May 6, 2011
(Guest Post by Matthew Ladner)
Keep reading the story past all the complaints about cuts…
While praising Orange educators, Weingarten, a former New York City teachers-union leader, was sharply critical of the Florida Legislature and Gov. Rick Scott, whom she accused of taking “a wrecking ball” to the academic progress Florida has made.
Though not all teachers agreed with all facets of the state’s reform efforts in the past decade — pushed initially by former Gov. Jeb Bush — most embraced the effort to improve public education, she said.
And across the country, Florida gained notice for improved test scores, better national rankings and winning a share of the federal Race to the Top grant last year.
“There was a real sense of Florida schools moving in the right direction,” she said.
Ok- so let me catch my breath here.
The story seems to be Florida used to be making progress, but now that the housing bubble crash is forcing spending cuts and Florida law is no longer going to treat teachers as interchangeable widgets, it is all going to fall to pieces.
“Not all teacher agreed with all facets” is a true statement. It would also be true to say that “teacher union leaders opposed almost all facets” of the reforms and that the NAEP has revealed their opposition to have been utterly and totally indefensible.
Sorry Randi- as Jay has noted, teacher union leaders have approximately the same level of credibility on education reform as tobacco executives have on cancer research. If you didn’t dislike the latest reforms, there would be something wrong with them.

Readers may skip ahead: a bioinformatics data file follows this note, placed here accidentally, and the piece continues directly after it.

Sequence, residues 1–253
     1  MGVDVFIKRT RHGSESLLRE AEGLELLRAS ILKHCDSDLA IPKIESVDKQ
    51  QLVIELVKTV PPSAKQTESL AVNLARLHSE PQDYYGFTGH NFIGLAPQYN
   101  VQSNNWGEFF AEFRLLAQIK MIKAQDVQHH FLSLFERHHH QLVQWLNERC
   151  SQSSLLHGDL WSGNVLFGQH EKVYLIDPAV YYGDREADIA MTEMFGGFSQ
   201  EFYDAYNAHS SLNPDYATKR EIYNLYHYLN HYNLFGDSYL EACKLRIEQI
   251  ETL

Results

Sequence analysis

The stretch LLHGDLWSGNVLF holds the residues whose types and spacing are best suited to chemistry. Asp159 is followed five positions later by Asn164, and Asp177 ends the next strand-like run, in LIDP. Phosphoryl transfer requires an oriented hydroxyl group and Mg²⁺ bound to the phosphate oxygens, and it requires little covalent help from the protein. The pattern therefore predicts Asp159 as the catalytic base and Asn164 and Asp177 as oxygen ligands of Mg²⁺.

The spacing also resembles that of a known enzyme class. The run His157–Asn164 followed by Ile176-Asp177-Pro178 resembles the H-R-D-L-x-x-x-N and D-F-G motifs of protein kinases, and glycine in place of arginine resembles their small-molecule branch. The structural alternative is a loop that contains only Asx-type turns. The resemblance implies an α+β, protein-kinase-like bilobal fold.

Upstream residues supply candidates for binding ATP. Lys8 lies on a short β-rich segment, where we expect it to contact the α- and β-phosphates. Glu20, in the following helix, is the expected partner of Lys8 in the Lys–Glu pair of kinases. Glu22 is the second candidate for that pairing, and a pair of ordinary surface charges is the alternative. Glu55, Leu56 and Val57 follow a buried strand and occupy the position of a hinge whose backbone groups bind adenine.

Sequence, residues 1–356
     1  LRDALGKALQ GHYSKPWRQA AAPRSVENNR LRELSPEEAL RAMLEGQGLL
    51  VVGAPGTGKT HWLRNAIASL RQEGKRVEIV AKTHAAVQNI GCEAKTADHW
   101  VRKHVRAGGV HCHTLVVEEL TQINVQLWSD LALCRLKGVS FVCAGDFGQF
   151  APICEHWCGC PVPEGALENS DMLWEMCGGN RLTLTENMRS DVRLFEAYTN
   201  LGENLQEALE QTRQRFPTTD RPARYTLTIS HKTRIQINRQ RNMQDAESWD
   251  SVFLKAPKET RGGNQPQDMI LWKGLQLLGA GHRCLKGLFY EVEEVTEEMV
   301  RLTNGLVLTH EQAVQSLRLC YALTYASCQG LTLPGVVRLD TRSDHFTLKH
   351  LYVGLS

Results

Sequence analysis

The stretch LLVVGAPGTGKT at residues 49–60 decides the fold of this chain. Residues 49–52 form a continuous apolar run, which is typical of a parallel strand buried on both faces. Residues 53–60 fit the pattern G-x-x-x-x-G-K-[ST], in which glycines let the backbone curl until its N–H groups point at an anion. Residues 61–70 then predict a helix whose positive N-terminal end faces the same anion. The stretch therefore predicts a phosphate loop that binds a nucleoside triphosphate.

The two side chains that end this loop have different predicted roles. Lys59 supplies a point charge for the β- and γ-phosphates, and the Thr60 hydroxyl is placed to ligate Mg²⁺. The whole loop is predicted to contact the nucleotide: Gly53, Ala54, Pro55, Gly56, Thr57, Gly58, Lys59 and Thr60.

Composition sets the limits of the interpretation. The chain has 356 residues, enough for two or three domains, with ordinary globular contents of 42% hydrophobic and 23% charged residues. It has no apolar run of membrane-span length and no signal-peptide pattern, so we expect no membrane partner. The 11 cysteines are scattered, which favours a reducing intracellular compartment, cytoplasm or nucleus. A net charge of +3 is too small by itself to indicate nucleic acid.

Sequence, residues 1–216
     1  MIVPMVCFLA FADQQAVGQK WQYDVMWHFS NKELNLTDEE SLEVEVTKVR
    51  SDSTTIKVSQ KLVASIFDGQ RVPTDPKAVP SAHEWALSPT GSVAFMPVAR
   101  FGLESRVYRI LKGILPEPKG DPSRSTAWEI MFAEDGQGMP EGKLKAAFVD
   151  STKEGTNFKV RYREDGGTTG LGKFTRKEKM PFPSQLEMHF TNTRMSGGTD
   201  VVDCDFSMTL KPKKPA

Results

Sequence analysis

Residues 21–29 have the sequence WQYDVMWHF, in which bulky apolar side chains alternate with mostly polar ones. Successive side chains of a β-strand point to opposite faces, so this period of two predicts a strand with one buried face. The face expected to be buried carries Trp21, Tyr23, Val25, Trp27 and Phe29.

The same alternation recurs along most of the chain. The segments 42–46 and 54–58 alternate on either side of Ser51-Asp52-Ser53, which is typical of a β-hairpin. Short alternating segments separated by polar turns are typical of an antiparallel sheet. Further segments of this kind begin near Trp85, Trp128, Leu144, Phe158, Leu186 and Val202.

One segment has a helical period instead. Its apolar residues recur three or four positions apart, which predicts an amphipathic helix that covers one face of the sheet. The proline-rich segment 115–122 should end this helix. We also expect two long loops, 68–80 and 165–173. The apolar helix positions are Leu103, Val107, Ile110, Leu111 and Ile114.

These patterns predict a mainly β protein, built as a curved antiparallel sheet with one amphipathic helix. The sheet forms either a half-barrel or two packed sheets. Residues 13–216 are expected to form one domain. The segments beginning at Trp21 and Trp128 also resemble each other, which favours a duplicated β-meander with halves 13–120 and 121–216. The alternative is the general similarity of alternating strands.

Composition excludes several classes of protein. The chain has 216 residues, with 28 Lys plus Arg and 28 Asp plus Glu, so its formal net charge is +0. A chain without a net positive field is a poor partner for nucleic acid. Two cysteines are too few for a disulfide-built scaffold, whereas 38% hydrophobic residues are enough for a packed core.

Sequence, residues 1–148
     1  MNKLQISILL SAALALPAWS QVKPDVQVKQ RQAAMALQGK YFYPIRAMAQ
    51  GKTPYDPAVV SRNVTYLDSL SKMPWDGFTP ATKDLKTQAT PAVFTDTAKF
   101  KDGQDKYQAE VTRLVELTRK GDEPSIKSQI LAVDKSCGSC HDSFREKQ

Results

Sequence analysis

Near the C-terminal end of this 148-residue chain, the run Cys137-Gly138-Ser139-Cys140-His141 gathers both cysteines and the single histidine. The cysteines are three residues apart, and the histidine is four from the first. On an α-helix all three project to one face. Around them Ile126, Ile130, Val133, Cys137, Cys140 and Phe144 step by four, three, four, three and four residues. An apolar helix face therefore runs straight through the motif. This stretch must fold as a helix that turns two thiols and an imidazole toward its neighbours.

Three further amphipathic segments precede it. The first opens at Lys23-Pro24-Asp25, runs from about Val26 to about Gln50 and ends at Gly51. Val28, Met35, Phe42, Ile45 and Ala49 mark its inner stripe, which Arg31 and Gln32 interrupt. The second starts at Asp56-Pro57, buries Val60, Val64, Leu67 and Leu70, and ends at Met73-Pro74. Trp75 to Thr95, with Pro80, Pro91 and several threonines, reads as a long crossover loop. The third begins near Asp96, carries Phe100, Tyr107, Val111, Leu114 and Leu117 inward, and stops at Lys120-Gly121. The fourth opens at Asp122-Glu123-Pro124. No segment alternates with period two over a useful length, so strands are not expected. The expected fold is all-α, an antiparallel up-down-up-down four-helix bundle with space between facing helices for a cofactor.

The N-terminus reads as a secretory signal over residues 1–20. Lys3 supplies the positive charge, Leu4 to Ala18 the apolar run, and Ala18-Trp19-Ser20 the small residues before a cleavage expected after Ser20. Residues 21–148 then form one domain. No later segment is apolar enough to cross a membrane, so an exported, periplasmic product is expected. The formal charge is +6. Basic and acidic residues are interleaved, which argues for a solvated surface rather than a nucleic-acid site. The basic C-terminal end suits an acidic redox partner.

April 29, 2010
(Guest Post by Matthew Ladner)
Today is the final day of session in Arizona, and I am thrilled to say that it looks like major pieces of the Florida reform cocktail will be passing. These include grading schools A-F based on student test scores and growth, alternative teacher certification, 3rd grade social promotion curtailment, expanding sources for charter school authorization, and increasing the size, transparency and accountability for our scholarship tax credit program. Arizona lawmakers also passed a provision specifying that school districts cannot use length of service as the sole criteria when laying off teachers during a reduction in force.
Governor Bush and Patricia Levesque spent their valuable time here in Arizona last October in a series of events, and Patricia came back a few months ago to do followup meetings with key players. Key philanthropic leaders stepped up to the plate with both their money and their personal time. Governor Brewer and her staff prioritized Florida reforms in her State of the State address, and the Chairmen of the Senate and House Education committees, Senator John Huppenthal and Rep. Rich Crandall, personally introduced the centerpiece bills. Many of the bills gathered strong bipartisan support.
We have many miles to go in Arizona. Our NAEP scores have been below the national average 36 out of the last 36 exams. We aim to change that, and we know it isn’t going to happen overnight, and that much hard work lies ahead. We’ve taken the first steps to turning our illiteracy crisis around, and I am enormously grateful to all of the many people who helped make this happen!